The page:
In this field work talk I will describe what happens when you start with a principle of indigenous reclamation, instead of a linguistic documentation paradigm.  What are the guiding principles and the detailed decisions that came out of thinking of documentation as an act of reclamation? Both theoretical and practical directions will come out of this talk. "Forest Walks" are a corpus of 14 walks conducted in an endangered language, Ojibwe, with a First Speaker and youth who have learned as a second language at an immersion school.  The walking is done on Ojibwe reservation land. Dyads were instructed to "talk about whatever they liked." Yielding a rich data set of what Ojibwe language, between generations and outside of schools, looks like on land. Early implication of analysis done using microethnography and micro-interactional methods, shows that the collaboration, silence, and the land as an interlocutor are all things we can see in this data. Through a learning science lense, we see everyday discourse patterns described.

2020.2.19 Ana Lívia Agostinho (Universidade Federal de Santa Catarina)

Fieldwork and language contact in the Gulf of Guinea

There are four genetically-related Portuguese-based creoles native to the Gulf of Guinea: Santome, Angolar, Lung’Ie – spoken in São Tomé and Príncipe – and Fa d’Ambô – spoken in Equatorial Guinea. In this talk I will present my experience conducting fieldwork with the languages of the Gulf of Guinea for the past 11 years. I will describe the social-historical context of the emergence of these languages and their current linguistic situation. I will also discuss issues on language planning and policy as well as on the use of creoles in media and education in São Tome and Príncipe, focusing on my research and on the material I have been developing for Lung’Ie, the most severely endangered language of the region.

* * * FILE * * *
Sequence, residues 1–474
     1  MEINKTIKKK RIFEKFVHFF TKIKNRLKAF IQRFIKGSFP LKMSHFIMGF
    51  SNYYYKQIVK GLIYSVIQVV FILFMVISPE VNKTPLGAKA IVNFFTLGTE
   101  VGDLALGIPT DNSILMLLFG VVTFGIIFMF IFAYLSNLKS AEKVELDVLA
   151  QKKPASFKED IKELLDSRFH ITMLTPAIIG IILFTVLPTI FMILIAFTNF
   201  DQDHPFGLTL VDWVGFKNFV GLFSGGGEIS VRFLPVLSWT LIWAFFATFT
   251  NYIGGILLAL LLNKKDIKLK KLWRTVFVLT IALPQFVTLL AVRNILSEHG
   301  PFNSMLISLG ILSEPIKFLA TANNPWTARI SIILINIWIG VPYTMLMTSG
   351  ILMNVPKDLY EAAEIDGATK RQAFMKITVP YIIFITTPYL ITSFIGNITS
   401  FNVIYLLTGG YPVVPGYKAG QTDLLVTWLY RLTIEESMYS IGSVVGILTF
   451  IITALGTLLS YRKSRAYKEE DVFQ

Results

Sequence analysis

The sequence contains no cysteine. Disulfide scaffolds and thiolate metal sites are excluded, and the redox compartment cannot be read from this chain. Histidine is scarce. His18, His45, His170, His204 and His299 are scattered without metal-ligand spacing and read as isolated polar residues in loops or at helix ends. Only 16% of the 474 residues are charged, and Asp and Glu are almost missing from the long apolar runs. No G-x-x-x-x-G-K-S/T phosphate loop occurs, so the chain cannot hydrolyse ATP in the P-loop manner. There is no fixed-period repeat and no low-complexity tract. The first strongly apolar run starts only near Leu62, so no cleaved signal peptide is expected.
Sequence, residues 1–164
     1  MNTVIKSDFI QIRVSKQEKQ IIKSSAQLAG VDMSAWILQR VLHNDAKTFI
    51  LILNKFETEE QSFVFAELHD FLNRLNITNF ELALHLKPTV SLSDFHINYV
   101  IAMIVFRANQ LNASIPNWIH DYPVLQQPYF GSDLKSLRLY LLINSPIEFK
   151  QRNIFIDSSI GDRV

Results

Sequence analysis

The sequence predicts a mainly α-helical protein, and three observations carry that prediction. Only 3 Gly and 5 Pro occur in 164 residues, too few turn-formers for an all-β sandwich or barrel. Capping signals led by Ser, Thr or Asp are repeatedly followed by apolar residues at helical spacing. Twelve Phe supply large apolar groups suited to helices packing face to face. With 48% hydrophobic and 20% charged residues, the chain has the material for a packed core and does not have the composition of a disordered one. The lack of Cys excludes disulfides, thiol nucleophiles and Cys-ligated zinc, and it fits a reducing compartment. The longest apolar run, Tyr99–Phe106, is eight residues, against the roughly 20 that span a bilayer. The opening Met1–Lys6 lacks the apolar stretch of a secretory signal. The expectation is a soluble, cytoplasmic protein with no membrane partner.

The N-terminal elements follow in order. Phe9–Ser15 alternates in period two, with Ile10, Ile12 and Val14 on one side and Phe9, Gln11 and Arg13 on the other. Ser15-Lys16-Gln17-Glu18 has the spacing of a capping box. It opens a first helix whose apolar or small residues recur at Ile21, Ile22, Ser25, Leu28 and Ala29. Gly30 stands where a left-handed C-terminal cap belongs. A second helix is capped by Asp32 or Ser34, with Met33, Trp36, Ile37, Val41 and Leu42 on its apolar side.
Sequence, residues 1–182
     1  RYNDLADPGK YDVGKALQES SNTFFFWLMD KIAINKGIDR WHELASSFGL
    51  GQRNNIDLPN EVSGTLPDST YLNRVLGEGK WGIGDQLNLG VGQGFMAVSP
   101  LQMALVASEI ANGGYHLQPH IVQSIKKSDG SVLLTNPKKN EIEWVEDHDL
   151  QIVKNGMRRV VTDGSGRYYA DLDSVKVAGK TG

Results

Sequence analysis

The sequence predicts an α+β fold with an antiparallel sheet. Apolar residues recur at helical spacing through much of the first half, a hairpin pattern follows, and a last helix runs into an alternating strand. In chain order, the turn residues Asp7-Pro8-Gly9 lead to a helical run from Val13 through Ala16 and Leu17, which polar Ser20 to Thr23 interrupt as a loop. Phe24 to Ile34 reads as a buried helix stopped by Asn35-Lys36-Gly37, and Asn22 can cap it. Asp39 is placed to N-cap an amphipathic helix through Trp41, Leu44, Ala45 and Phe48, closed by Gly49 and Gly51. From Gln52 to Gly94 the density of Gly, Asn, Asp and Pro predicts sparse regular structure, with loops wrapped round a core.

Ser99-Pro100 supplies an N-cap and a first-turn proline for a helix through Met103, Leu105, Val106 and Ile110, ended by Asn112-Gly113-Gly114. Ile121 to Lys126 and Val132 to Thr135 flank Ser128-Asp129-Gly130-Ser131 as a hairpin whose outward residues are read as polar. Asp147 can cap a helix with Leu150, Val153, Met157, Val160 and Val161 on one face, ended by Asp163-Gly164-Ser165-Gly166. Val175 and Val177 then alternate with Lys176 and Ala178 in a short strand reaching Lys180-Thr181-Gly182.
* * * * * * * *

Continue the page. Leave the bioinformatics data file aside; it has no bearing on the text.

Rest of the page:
2020.2.26 Myriam Lapierre (UC Berkeley)

Challenges of literacy education and orthography development in the Amazonian indigenous context: A case study from Panãra

In this talk, I discuss the methodology that I employ to develop an orthography for Panãra (ISO code kre), a Jê language spoken in Mato Grosso, Brazil. Panãra, like most Amazonian languages, has no previous written tradition, which results in a very particular set of challenges for orthography development, the most salient of which is inconsistency in sound-symbol correspondence across speakers. The methodology, inspired by Nevins & Moore (2011), focuses on determining and following native speaker intuitions about what seems like a correct representation of sounds. This process was implemented during a series of four ten-day workshops led in 2016, 2017, 2018, and 2019 in the Panãra village of Nãnsêpotiti. Community members were invited to participate in the workshop, mostly designed around open discussions aiming to assess the most preferred sound-symbol correspondence for all phonemes in the inventory of the language. From these discussions, the Panãra orthography has been largely emergent over the years. Following the consensus decisions taken during the workshops, writing standards were implemented and practiced, and rates of literacy have increased substantially among the Panãra over the last five years.